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Tuesday, September 21, 2010 

Titling these things is hard

Aaaaaaaaaaaaaaaaaaarrrrrrrrrrrrrrrrrgggggggggggggh it's been so looooooooooooonnnngg

Review round up: I covered Loscil and Mogwai for PopMatters, and the really excellent new Underworld for Resident Advisor.

Back in August (arrrrggh) the New York Times had a really excellent article on language and the brain, which points out that even though the Sapir-Whorf hypothesis has been pretty well discredited, there is plenty of interesting ramifications to our languages. The part about people who think of directions without personal orientation (so no "behind" or "in front," et al) is fascinating.

I'd never heard of Kathryn Schulz or her book, but her blog of interviews with people on the subject of being wrong is great stuff. My two favourites so far are the Innocence Project's Peter Neufeld (because being able to admit you are wrong is so, so crucial to our legal system) and Anthony Bourdain (who I am seeing in Toronto tomorrow night!), because he's awesome.

People who know me know that I loathe artists who not only can't take crticism, but who respond by trying to "prove" (or just outright assume) that criticism as a whole is worthless/pointless/what have you. But that doesn't mean I dislike artists having problems with critics, or even lambasting critics, I just want it done intelligently (i.e. without throwing the baby out with the bathwater). Sons of Anarchy's Kurt Sutter shows us how it's done:

"I came away from that meeting with the realization that a critic's review is ultimately about that individual's taste. No matter how good or bad something is conceived and produced, the decision about its worth is always decided in the moment, by the watcher. That is not bullshit. Beauty and every other opinion, is truly in the eye of the beholder.

In the past, I've read some scathing reviews about Sons that were thoughtful, well-constructed and very accurate... in the mind of that watcher. Although they can be difficult to read, I appreciate and respect folks who put the time and energy into their negative analysis. That's what a good critic does. Critical analysis. That is their art-form, that is their craft."

When things are working correctly, this description is right on the money. Sutter goes on to chastise, profanely and at great length, critics that he doesn't feel are doing the job properly, but I have no beef with that. I just figure if I can be venomous towards an artist or their work without trying to say art is pointless, they can do critics the same honour.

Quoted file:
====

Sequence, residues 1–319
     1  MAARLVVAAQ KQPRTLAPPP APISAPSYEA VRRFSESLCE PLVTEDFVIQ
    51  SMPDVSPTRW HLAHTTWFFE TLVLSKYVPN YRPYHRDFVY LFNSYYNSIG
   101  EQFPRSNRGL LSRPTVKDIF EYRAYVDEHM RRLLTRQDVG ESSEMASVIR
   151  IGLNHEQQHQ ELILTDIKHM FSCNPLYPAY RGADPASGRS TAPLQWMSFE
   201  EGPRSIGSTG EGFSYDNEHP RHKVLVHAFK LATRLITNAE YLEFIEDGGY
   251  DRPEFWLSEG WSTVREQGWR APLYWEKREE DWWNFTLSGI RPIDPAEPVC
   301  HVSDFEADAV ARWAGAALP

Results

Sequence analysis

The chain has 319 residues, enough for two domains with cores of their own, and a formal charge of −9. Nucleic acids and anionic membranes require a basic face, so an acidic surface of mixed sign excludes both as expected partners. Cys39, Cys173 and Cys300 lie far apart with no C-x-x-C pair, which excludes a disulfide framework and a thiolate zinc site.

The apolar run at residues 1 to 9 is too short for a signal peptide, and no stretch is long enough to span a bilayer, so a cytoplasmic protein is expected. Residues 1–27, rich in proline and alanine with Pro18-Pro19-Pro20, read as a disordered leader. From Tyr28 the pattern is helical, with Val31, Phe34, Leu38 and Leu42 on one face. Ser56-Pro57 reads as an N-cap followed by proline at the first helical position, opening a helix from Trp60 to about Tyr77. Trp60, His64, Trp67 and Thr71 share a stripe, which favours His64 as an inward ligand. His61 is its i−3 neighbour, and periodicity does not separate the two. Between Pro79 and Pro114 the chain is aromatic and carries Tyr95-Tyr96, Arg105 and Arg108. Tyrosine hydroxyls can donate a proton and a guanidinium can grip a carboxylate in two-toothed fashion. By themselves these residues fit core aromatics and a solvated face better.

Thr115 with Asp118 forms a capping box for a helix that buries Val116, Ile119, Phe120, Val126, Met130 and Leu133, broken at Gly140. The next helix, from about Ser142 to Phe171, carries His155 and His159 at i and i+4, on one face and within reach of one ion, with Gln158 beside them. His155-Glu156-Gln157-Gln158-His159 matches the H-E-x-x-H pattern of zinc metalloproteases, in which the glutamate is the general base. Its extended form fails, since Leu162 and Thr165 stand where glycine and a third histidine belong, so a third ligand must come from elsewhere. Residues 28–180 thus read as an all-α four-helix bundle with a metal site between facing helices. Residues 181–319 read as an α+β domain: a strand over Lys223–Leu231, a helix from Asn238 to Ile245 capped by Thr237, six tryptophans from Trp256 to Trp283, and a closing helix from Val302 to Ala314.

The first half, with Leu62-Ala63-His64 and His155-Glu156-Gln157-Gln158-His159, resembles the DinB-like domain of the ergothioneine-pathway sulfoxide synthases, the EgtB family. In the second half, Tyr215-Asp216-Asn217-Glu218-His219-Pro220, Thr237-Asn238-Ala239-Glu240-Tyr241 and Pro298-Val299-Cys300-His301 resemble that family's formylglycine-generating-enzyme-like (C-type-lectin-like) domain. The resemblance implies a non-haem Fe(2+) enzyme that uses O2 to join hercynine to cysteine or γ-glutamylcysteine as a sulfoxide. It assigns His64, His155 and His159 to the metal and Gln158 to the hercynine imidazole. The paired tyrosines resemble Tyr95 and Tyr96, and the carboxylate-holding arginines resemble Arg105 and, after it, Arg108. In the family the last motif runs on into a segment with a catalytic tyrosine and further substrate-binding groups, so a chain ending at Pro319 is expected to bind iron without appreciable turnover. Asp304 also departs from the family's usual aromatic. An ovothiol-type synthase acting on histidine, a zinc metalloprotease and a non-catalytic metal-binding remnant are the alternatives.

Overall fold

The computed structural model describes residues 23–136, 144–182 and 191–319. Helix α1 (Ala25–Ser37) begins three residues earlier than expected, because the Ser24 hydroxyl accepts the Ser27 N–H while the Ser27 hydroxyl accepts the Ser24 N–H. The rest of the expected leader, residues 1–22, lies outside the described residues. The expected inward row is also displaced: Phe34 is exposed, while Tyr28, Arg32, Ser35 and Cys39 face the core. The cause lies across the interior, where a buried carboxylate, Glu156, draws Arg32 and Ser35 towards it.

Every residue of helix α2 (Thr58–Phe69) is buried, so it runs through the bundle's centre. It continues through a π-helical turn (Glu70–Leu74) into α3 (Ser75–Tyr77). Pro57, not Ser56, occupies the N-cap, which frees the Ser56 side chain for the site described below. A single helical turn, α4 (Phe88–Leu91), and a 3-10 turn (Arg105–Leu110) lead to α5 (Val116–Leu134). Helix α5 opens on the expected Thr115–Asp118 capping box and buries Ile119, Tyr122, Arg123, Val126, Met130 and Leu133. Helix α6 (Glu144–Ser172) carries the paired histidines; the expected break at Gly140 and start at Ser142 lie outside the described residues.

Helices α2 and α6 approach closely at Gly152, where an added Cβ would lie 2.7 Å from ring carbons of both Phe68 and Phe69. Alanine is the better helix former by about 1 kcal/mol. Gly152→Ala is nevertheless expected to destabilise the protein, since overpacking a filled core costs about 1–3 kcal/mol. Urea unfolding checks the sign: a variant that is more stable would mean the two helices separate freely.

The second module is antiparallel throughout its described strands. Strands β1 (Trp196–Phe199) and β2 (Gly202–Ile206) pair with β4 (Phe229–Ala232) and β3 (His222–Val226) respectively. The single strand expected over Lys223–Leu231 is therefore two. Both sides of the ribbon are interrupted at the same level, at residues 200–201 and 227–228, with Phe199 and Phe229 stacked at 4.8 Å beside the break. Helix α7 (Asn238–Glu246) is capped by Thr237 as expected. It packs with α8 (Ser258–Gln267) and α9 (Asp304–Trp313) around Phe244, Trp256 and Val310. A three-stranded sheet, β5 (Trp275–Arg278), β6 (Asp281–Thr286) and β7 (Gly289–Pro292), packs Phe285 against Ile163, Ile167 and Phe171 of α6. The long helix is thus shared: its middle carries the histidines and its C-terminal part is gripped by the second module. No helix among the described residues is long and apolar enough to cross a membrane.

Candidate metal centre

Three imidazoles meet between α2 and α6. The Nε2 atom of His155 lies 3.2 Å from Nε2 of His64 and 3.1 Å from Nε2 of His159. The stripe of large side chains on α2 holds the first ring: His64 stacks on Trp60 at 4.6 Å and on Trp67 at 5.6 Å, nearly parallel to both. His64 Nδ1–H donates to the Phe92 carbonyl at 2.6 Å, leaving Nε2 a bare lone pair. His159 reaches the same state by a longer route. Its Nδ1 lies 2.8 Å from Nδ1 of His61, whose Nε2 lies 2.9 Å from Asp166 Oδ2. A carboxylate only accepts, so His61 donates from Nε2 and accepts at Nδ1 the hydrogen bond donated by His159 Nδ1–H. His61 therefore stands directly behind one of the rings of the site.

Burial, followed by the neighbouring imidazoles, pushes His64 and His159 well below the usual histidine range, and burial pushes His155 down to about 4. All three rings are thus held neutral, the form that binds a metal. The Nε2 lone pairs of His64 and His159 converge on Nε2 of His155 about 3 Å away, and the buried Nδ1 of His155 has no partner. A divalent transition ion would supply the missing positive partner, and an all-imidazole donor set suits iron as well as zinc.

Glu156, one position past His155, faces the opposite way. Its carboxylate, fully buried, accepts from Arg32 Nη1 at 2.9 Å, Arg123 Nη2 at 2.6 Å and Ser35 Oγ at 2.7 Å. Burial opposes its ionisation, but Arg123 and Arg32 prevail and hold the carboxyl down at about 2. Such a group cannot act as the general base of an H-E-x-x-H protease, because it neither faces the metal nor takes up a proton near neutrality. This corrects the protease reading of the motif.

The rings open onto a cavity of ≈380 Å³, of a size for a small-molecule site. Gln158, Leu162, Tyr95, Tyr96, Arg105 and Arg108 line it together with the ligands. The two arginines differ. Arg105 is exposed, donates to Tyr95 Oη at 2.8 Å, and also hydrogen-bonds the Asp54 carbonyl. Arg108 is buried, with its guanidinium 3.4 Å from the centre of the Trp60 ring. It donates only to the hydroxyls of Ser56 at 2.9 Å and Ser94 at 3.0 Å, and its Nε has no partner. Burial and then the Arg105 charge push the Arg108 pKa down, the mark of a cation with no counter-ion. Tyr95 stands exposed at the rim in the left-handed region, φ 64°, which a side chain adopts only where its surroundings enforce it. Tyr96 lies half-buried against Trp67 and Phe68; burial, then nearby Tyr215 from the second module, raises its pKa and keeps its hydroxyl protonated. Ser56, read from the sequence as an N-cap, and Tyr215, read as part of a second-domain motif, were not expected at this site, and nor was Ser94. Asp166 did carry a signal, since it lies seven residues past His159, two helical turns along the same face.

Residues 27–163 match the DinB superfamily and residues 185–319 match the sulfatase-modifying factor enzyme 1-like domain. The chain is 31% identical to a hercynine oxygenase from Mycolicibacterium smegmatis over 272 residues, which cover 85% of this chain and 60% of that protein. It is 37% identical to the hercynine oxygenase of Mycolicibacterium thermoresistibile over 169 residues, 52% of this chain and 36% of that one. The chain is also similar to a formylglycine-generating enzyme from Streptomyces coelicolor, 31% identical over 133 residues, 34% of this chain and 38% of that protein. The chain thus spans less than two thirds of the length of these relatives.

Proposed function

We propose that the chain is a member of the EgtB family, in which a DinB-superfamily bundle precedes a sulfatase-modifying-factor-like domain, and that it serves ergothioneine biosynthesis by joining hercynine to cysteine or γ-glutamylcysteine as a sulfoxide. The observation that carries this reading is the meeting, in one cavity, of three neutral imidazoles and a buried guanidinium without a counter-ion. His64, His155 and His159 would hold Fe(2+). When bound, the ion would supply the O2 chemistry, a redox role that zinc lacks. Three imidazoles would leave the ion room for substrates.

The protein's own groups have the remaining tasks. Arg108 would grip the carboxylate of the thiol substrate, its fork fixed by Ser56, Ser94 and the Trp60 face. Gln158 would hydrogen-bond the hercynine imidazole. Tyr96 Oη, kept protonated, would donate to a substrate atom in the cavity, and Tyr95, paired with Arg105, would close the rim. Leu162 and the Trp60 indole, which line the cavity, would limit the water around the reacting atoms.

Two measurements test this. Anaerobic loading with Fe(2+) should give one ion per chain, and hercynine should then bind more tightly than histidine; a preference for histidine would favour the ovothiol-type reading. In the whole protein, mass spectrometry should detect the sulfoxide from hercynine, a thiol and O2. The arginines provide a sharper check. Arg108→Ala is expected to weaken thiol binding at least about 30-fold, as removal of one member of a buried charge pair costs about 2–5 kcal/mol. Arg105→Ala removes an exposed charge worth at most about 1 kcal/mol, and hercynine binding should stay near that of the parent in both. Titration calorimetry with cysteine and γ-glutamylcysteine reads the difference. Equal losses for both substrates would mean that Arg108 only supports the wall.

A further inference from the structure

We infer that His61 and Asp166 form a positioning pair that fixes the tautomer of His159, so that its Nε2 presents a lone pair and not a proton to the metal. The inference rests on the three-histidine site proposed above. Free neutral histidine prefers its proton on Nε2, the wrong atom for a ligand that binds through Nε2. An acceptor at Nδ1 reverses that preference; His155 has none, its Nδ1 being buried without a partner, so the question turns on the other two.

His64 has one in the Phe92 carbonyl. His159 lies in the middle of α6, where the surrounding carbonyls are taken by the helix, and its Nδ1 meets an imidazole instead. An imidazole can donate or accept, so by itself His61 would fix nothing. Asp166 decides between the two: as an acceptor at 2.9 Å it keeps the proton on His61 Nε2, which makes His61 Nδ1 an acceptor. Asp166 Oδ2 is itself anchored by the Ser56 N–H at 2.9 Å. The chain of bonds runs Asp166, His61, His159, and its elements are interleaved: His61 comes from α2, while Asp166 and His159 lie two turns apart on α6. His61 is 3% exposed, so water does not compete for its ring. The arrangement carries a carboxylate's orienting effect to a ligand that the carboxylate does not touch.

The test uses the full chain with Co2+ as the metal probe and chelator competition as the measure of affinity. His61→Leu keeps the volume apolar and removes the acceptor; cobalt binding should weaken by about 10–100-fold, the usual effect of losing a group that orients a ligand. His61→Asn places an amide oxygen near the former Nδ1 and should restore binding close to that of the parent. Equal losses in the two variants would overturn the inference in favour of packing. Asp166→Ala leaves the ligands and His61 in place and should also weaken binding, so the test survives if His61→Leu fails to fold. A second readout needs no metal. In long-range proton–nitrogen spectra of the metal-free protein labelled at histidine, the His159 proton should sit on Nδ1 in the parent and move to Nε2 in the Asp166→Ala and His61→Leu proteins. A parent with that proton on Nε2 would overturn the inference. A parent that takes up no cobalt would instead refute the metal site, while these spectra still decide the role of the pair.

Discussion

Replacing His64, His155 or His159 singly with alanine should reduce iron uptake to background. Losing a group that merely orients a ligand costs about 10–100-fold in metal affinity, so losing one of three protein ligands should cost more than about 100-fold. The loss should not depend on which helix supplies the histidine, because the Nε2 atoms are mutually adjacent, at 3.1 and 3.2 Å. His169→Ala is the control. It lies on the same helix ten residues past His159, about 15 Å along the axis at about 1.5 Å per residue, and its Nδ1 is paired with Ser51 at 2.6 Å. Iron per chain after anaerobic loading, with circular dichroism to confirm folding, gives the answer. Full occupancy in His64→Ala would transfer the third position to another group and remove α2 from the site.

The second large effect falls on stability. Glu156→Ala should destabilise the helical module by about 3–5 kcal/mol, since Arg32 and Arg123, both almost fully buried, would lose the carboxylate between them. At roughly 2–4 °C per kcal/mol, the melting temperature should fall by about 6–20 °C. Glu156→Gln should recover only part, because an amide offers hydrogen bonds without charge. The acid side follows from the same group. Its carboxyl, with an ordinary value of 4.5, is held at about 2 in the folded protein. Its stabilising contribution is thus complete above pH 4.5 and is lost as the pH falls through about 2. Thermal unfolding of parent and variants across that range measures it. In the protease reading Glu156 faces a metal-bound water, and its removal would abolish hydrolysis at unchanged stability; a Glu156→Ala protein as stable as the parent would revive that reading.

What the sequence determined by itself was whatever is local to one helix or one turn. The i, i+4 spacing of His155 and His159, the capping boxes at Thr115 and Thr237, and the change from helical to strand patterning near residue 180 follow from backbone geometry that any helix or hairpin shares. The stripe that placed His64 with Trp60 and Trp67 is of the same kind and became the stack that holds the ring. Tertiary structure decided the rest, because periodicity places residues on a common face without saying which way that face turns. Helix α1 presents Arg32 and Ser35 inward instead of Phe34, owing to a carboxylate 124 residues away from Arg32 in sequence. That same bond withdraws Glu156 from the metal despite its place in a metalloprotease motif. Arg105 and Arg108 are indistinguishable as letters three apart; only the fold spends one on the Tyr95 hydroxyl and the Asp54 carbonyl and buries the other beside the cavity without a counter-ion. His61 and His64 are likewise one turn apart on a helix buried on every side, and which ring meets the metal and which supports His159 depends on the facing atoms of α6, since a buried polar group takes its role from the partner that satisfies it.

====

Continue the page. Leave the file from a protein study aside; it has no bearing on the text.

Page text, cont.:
Chris Cooper could be a shitty actor and I'd still come away from this wonderful interview with a lot of affection for him; he just seems like such a swell guy. That he's one of the best actors of his generation just makes the whole thing that much sweeter - especially if you read the first few comment threads and witness the lack of spite and malice (a true internet rarity).

Lastly, I've been rereading a lot of my old Warren Ellis comics recently (Transmetropolitan, Planetary, et al), and really just appreciating how good his work has been. But I think sometimes his internet presence/fans make him out to be just the harder, more extreme/cynical parts of his persona (sort of an extra-crotchety Spider Jerusalem, really). But he's a human being, and just because he can write beautifully about a pain most of us will experience doesn't mean he's immune to it himself. Like a lot of other random people on the internet, I'm sorry for his family's loss.

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About me

Ian Mathers is a freelance writer whose work has appeared in Stylus, the Village Voice, Resident Advisor, PopMatters, and elsewhere. He does stuff and it magically appears here.

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imathers at gmail dot com

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